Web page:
I awake again at around 3am, this time too hot! I remove my down jacket now, and spend the rest of the night quite happily….. I haven’t quite had the faith to bring my three season sleeping bag for the weekend like James has, but am more than content now to have lugged my winter bag up here.

We aren’t planning an early start, so by the time we surface for breakfast the sun has nicely warmed everything up. It’s even nice enough to eat outside.



We set off for the day at about 10:30. We’re now totally off path for a few miles, heading for a trig point to the east of the Alport Valley. It’s wet, it’s peaty, it’s slow going.

Conversation runs a bit like this for most of the weekend:

James: My pack is too heavy.

Me: Bet it’s not as heavy as mine.

James: It might be.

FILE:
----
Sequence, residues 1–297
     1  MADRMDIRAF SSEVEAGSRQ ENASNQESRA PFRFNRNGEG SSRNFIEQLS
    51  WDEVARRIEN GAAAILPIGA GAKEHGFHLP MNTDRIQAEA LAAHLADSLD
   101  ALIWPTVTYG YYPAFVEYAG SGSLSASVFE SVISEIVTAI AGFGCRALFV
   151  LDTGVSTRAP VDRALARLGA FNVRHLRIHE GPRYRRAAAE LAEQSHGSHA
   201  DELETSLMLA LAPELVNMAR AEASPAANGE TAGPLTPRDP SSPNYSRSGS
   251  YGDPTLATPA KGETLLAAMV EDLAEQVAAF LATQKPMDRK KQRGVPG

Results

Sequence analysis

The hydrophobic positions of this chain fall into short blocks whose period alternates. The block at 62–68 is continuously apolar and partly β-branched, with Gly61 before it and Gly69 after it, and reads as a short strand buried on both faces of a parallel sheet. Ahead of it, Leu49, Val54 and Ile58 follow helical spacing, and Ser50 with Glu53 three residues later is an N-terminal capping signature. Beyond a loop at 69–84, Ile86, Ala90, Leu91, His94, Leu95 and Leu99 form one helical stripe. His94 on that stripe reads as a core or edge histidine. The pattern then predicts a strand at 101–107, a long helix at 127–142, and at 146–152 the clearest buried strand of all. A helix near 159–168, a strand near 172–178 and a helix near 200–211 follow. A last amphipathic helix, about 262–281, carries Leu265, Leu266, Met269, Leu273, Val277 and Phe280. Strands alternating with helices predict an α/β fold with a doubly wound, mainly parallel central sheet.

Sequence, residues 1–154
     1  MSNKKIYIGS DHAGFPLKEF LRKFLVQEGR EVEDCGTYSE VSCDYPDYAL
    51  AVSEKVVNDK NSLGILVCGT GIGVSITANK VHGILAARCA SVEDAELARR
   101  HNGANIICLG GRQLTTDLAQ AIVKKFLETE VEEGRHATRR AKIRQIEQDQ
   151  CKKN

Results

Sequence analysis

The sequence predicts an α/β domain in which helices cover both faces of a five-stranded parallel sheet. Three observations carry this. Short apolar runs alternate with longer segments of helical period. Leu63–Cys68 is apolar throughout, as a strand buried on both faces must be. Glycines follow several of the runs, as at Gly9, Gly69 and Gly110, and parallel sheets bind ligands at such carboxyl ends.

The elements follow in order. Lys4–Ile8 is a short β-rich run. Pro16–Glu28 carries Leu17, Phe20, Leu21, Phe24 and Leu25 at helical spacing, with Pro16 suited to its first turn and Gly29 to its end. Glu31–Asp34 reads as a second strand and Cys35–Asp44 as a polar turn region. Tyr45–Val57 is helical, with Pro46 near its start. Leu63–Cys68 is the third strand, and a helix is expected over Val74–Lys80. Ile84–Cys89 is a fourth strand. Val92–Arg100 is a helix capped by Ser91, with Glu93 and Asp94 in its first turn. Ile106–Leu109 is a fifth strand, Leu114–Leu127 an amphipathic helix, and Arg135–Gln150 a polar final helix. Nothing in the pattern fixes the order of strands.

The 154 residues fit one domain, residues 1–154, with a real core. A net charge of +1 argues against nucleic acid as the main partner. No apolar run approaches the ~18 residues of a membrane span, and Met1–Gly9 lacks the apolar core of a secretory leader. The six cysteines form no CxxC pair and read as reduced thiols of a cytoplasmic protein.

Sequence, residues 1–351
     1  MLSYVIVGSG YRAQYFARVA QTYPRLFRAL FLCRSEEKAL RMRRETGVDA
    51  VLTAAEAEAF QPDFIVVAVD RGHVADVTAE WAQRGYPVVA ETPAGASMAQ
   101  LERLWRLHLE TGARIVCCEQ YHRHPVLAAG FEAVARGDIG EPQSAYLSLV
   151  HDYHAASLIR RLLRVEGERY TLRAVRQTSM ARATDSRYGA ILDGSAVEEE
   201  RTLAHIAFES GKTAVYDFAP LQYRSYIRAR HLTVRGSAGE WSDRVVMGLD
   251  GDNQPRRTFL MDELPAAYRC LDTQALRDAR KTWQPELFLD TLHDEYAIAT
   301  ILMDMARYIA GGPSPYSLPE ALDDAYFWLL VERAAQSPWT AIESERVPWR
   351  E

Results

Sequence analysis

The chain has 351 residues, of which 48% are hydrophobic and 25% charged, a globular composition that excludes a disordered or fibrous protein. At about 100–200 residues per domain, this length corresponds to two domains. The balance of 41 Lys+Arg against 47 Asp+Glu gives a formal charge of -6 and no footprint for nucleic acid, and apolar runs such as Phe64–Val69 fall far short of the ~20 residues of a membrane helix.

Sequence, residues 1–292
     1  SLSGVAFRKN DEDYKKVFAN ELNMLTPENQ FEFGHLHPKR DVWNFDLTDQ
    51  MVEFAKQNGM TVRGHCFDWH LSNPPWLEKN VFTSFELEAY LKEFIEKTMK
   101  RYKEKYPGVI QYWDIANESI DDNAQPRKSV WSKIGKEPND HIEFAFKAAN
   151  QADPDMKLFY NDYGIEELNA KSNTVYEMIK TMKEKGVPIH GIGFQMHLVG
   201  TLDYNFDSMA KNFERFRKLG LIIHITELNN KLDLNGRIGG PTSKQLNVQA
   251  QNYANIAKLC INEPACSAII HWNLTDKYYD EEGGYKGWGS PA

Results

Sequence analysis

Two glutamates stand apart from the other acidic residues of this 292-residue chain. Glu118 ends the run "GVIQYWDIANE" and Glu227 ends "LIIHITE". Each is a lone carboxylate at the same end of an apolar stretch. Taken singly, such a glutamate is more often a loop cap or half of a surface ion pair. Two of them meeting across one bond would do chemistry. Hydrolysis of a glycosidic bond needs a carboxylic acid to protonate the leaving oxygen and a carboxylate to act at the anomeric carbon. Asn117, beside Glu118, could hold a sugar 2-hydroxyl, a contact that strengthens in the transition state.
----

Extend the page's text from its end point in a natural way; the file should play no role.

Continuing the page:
Me: Pebbles!!! Enough now!!!

Repeat any of the above at random intervals.

First lunch today is when we finally reach the trig point.


A bit of a path is picked up here, making progress a little quicker. It’s not long before we reach Alport Castles, for second lunch.



It gets hotter and the packs get heavier. We continue on, partaking of third lunch just before dropping down and down, to cross the Snake Pass near Hagg Farm. Then it’s up and up again – a quick break in woodland in Woodlands Valley – and onto the Crookstone Hill path to take us to the eastern summit of Kinder. Part way up here, fourth lunch is had by the lonesome tree. A rather special tree with a bit of history, I suspect.



My phone rings and we have a brief Peter Kay moment.

“I’m waving! Can you see me?”

It’s Mark, somewhere near the summit. And no, we can’t see him, but he can apparently see us. We’re both wearing orange……

Off we go again. Mark wanders down as we wander up, and we meet. Pebbles goes into overdrive once more, but quickly settles. She’s tiring now, but is still game and having fun. A bit of a conflab ensues, and a bit of a wander around produces a perfectly acceptable pitch for the night, with water not far away in Jaggers Clough.



We pitch, then take it in turns to watch the dogs while we filter water.